- Stop wasting your weekend with this one weird cranial delusion
- Current Affairs Wrap: Bloomberg’s limp debut, Bolt’s grim take, violence grips Germany
- ‘The Great Australian Play’ takes a bite of our history and spits out something truly unique
- As children, we swapped the country for the city – as an adult, we need the same thing
- 150 years ago, Japan dropped the “Fart Battle” scrolls
Richard Jackson attended the launch by The Online Hate Prevention Institution (OHPI) of a database it hopes will help combat online hate.
On Tuesday night the B’nai B’rith Centre, a Jewish organisation based in Darlinghurst, celebrated the launch of a software database designed by the charity The Online Hate Prevention Institution (OHPI) that will collect and measure messages of violence and abuse posted online.
Dr Andre Oboler, CEO of OHPI and creator of the database told The Big Smoke about first engaging with online anti-Semitism while meeting with “major human rights organisations” in 2008, where the focus was on specific anti-Semitic websites. At that meeting, Andre pointed out the real problem were social media sites, “where the people are.”
There were some issues. “If you count websites, you have one website, another website and another, so the first problem was how do we solve this? And the first issue was data, how do we know how big the issue is?”
The scope of the data collection was then expanded to cover all forms of hate, including misogyny, homophobia, vilification of Indigenous Australians, anti-Semitism, anti-Muslim hate, trolling, digital self-harm and anti-ANZAC and military content.
An internet user can copy and paste the URL of the offending post into the database and register the type of hate, whether it is misogynistic, anti-Semitic or Islamophobic. This will allow for hate and abuse to monitored and measured. Allowing charities working with OHPI to better document and combat hate.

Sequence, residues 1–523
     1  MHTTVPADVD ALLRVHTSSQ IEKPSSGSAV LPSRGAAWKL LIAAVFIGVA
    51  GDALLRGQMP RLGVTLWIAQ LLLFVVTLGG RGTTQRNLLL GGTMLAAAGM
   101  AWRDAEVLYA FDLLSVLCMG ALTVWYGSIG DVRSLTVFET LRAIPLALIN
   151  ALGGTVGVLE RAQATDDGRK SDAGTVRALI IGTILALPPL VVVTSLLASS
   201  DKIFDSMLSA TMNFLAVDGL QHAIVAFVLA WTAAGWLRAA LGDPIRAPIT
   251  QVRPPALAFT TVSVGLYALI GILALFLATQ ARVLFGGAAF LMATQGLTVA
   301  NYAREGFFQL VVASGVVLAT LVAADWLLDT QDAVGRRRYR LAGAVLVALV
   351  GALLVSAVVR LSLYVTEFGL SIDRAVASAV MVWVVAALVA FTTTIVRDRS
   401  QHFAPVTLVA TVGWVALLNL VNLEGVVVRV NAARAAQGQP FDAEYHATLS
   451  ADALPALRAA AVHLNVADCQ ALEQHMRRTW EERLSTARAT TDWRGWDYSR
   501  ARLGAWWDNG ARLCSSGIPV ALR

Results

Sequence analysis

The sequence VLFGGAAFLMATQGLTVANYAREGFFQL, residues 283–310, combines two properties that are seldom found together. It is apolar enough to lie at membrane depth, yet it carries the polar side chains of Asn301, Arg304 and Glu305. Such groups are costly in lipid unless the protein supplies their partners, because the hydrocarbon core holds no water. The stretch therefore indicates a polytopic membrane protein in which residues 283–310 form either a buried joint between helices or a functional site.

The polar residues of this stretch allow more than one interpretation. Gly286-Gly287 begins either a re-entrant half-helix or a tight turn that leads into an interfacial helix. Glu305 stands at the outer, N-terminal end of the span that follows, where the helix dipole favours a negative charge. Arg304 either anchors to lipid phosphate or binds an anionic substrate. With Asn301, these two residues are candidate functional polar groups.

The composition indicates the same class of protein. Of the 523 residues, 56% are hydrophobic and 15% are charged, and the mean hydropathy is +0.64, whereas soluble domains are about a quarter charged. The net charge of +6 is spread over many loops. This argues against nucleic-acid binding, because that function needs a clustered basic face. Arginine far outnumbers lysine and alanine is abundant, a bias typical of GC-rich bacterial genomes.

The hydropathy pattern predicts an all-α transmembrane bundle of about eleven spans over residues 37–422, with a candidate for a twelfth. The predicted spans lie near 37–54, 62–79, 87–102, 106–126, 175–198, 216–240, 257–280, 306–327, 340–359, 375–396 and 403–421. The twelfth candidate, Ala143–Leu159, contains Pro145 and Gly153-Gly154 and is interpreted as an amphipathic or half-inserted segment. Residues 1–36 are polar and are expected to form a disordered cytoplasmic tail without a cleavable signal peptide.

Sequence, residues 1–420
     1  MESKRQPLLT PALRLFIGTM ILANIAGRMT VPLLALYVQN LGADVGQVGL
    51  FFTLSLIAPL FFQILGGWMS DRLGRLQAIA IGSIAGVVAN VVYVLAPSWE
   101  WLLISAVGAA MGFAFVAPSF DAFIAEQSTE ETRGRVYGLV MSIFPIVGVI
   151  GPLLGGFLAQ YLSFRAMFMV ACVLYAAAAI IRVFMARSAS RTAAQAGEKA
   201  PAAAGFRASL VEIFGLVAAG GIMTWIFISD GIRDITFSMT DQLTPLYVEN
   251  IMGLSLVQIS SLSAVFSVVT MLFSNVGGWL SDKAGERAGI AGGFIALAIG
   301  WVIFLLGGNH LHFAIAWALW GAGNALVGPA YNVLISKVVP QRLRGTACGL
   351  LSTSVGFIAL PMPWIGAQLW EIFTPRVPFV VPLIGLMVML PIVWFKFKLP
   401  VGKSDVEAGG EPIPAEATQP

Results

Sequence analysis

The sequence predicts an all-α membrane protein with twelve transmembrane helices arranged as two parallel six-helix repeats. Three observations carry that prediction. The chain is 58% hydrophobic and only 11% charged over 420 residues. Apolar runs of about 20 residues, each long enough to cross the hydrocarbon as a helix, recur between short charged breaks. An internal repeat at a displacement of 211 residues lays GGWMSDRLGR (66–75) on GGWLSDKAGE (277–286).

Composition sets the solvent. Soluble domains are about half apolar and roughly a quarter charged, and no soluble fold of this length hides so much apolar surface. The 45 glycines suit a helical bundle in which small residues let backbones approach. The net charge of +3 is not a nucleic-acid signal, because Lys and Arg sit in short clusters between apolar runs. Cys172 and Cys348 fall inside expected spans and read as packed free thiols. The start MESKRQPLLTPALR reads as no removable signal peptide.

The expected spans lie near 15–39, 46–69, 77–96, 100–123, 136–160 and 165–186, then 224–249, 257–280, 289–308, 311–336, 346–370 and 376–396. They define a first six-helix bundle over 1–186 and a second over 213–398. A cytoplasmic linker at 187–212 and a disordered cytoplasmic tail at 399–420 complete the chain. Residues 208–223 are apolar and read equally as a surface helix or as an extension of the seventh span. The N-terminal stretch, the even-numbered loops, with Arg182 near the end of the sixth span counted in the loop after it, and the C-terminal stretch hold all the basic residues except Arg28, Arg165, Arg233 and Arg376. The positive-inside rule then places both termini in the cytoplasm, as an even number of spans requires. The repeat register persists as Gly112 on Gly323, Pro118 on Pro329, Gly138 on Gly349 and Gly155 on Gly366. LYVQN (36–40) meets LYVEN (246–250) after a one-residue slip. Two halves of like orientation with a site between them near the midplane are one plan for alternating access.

The audience heard stories of such hate from Talitha Stone, an activist involved in Collective Shout, a movement against objectification in the public sphere. She led a protest against US rapper Tyler the Creator plans to come to Australia in 2013, after objecting to his lyrics, which often make reference to rape. For this, Talitha received a torrent of abuse and threats via Twitter.
Recently, Collective Shout have been behind a campaign to stop stores from stocking the video game Grand Theft Auto 5, believing it fuels violence against women. Target and Kmart have since pulled the game from their stores.
Once again, Talitha received abuse. Sitting beside the rest of the panel, she read some examples to the audience:
“If I ever see you, you will be stabbed”
“I hope you get gang raped”
“I hope your family get caught in a burning house fire and you have to watch them burn to death”
“I wanna rape you with the game controller.”
Anthony Scerri, a Youth Development Project Officer at the Multicultural Communities Council of Illawarra explained the issues that children are encountering to The Big Smoke: “They don’t know where to go, they don’t really know what options are available to them. A lot of time young people hold it within themselves and it can lead to depression, they try to be resilient about it, and in the worse case of situations, it could lead to suicide.”
This program coincides with the recent launch of a Federal government bill to protect children against cyber bullying. The Enhancing Online Safety for Children Bill 2014 will create a complaints system whereby children can report incidents of bullying to social media sites and if the company fails to remove the material and work cooperatively with the government, they will face fines.
Here’s hoping that both the OHPI’s program and the government’s legislation will go some way to stopping online hate, particularly on social media, as responses from companies have been limited.
A 2013 report by OHPI documented over 50 anti-Muslim pages on Facebook; a year later, an update showed that only 16 had been shut down.
Speaking to the audience last night, Julie Nathan, Research Officer for the Executive Council of Australian Jewry, quoted Irwin Cotler, a former Canadian minister of justice: “The Holocaust did not begin with the gas chambers – it began with words…”